The Film (4/5)
Francesca Kinsolving (Patty Duke) is a very pregnant woman, sitting on a bus making her way through a snowstorm to meet her late husband’s mother for the first time. There’s a little hesitation when locals hear the family name, but nobody wants to say why. It’s not a mystery that lasts long though, because after a bus trip, a little bit of hitchhiking and some good old-fashioned hoofin’ it (the estate is at the end of a long private road and there’s still that snowstorm to consider), she finally meets the elder Ms. Kinsolving (Murphy). Who, as it turns out, is a cold, uncaring, almost cruel woman who makes it clear that she has no intention of welcoming Francesca – or her baby – into the family at all, let alone with open arms.
But she also meets Kathleen (Allen) – a very sweet but non-verbal, developmentally disabled woman who’s apparently her husband’s sister. Except, her husband never mentioned having a sister. It’s the first in what becomes a fairly tangled web of inconsistencies and outright lies told by Ms. Kinsolving, and all Francesca wants is to get the hell out of there and go home. The storm has other ideas, however, and she finds herself snowed in, increasingly feeling (and being treated) more and more like a captive.
It’s a pretty solid set up to what turns out to be a really solid film. There are a few surprises and turns along the way that I won’t spoil for those who haven’t seen it yet, but it’s the way they’re handled – as second-act reveals instead of third-act twists – that put this one firmly in the “They Don’t Make ‘Em Like This Anymore” camp. And for the most part they don’t make ‘em like this anymore. There’s no misdirection, no sleight-of-hand, no jump scares or gratuitous nudity, sex, or violence - just straightforward storytelling that’s solid and intimate and puts all of its eggs in the performers’ baskets. Because genre trappings aside, it’s still very much a character drama.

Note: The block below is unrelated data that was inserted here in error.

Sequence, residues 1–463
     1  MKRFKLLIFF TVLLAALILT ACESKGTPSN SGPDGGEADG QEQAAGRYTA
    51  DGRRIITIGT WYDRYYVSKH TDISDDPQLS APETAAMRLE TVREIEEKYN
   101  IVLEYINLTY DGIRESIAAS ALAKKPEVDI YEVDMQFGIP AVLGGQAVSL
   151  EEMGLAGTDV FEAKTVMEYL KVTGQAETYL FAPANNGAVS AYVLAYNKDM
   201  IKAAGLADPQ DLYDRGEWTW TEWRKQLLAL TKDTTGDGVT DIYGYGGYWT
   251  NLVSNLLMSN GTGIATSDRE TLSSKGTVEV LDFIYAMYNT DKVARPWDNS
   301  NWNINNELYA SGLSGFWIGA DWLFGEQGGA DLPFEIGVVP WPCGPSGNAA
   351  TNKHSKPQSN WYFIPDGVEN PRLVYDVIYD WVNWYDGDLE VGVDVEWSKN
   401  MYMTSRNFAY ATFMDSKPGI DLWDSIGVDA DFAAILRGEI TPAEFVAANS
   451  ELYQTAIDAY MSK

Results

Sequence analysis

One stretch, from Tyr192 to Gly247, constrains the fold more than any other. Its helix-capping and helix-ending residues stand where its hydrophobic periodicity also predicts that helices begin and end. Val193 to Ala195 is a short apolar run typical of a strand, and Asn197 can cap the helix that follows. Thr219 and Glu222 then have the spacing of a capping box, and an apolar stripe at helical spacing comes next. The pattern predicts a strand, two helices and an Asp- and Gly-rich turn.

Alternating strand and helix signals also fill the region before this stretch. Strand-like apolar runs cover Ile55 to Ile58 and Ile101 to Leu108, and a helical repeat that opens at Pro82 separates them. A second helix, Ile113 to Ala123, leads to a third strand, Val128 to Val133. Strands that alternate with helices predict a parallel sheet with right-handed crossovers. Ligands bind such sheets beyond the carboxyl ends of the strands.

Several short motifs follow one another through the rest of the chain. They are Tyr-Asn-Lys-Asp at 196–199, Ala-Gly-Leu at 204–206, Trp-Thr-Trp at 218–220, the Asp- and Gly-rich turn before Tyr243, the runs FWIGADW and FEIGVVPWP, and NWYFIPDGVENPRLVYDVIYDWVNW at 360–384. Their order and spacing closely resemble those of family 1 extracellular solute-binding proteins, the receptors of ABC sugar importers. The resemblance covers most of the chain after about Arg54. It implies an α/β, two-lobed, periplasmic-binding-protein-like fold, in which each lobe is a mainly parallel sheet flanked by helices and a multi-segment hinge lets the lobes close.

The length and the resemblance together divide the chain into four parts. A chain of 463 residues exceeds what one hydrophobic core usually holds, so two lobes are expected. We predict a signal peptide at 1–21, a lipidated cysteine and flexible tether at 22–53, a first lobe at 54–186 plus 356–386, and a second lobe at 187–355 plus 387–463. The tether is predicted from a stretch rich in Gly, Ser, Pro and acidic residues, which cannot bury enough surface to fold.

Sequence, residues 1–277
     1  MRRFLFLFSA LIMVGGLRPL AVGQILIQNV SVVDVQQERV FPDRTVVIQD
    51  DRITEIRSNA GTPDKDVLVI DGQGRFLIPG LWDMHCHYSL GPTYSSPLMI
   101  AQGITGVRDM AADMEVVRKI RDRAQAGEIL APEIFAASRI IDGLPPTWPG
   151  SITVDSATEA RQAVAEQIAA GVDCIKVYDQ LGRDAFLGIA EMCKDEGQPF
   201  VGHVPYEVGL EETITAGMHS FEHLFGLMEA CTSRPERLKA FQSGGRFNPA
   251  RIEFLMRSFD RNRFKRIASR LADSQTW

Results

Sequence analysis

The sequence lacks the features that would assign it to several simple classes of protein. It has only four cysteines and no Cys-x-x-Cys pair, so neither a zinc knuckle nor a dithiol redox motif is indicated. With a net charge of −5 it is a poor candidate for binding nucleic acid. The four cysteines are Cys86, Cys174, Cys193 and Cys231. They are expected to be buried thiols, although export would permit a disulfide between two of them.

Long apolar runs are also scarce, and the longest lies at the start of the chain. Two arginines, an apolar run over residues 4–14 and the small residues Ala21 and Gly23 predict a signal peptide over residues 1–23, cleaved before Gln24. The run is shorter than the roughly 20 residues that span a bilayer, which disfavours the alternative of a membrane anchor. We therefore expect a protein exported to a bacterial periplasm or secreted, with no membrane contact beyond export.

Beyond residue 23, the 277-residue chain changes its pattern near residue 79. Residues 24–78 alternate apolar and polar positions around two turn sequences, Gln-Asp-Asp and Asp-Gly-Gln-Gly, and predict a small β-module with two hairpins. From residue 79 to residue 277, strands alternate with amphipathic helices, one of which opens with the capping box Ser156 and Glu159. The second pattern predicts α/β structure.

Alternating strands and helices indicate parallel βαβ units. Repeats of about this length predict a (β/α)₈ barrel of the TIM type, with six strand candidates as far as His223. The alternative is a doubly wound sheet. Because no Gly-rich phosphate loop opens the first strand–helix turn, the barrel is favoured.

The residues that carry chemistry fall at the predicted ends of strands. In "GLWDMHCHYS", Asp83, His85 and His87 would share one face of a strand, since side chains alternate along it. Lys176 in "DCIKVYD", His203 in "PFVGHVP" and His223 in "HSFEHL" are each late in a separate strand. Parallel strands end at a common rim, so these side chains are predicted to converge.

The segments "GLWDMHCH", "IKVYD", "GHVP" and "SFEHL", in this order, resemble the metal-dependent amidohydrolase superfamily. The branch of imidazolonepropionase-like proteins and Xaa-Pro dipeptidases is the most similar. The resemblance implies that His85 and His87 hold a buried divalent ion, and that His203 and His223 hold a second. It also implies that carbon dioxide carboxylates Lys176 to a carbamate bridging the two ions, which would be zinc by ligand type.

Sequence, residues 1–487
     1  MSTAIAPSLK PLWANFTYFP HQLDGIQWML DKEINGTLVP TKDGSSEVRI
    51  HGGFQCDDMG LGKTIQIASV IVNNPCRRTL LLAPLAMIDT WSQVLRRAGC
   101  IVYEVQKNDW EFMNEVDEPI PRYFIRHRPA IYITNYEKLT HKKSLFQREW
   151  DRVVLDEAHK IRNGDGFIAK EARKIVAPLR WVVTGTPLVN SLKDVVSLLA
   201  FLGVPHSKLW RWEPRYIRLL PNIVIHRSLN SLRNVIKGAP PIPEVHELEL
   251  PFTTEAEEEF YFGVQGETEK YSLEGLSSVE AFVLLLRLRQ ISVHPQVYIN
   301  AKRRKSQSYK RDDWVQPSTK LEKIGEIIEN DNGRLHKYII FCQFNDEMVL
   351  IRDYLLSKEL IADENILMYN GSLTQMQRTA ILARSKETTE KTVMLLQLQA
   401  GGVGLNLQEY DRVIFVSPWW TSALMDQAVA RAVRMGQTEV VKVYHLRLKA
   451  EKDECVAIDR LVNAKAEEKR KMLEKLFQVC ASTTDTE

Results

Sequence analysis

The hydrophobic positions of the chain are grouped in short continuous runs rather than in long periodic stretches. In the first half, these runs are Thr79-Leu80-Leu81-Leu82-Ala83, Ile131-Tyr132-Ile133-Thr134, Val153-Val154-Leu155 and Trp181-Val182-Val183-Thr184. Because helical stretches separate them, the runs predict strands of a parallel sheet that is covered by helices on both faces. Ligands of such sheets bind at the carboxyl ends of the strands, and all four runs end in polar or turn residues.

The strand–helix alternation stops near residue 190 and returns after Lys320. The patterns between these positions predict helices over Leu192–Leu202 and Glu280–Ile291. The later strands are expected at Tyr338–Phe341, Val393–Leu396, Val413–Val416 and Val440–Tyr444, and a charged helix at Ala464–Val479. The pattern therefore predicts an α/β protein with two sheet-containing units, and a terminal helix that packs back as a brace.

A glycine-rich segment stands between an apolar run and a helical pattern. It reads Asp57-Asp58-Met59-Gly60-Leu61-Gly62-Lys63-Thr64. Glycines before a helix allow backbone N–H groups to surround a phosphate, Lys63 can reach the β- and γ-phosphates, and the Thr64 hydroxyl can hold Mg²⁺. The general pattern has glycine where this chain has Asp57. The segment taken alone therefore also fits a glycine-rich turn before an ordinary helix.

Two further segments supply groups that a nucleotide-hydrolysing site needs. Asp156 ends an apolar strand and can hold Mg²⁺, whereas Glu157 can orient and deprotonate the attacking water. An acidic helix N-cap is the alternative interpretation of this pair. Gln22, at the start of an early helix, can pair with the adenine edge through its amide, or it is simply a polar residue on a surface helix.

And it’s those characters (and the performances behind them) that elevate it. Murphy does an excellent job of wearing a pleasant smile that doesn’t even try to hide the contempt she feels for Francesca. Allen did such a good job of walking the line between playing an active role in helping Francesca while struggling with her own impediments that she was nominated for a Golden Globe for her efforts. Duke found Francesca’s strong, proud center and never lost it even as she walked her character through increasingly stressful, dangerous, and terrifying situations. And then there’s Richard Thomas (whose character details we won’t cover here) who hit that balance between childlike innocence and calculated menace. All four of these characters have been turned into broad archetypes over the years by lesser writers, directors, and performers, but here they’re very much real people wrapped up in a very real, scary situation.
It’ll probably never be considered an all-time classic, but it’s a really good little movie that definitely deserves more attention than it’s ever gotten.
Scream Factory gives up their standard 1.85:1 1080p transfer with a DTS Mono track. There’s a certain aesthetic to 1970s films that makes them look amazing with a diligent transfer, and this is no exception. The sound leaves a little to be desired – it’ll sound as good as whatever system you’re running it through, but there wasn’t a whole lot put into the sound design to begin with. The dialogue is crisp, the score is full, it works.
Other than a trailer and a photo gallery, there’s a featurette with interviews from Thomas and Allen, who both remember the film fondly and talk about their experiences on the film (and the results that came from it) with a palpable appreciation. It’s not anything you’ll feel particularly compelled to watch more than once, but it’s definitely a worthy addition.
Solid. Is it worth a watch? Absolutely. Is it worth purchasing? Well I suppose that depends; I don’t know that it’s the kind of movie that will compel several rewatches, so if that’s your Buy It criteria then probably not, but it makes a nice home for itself in any collector’s library.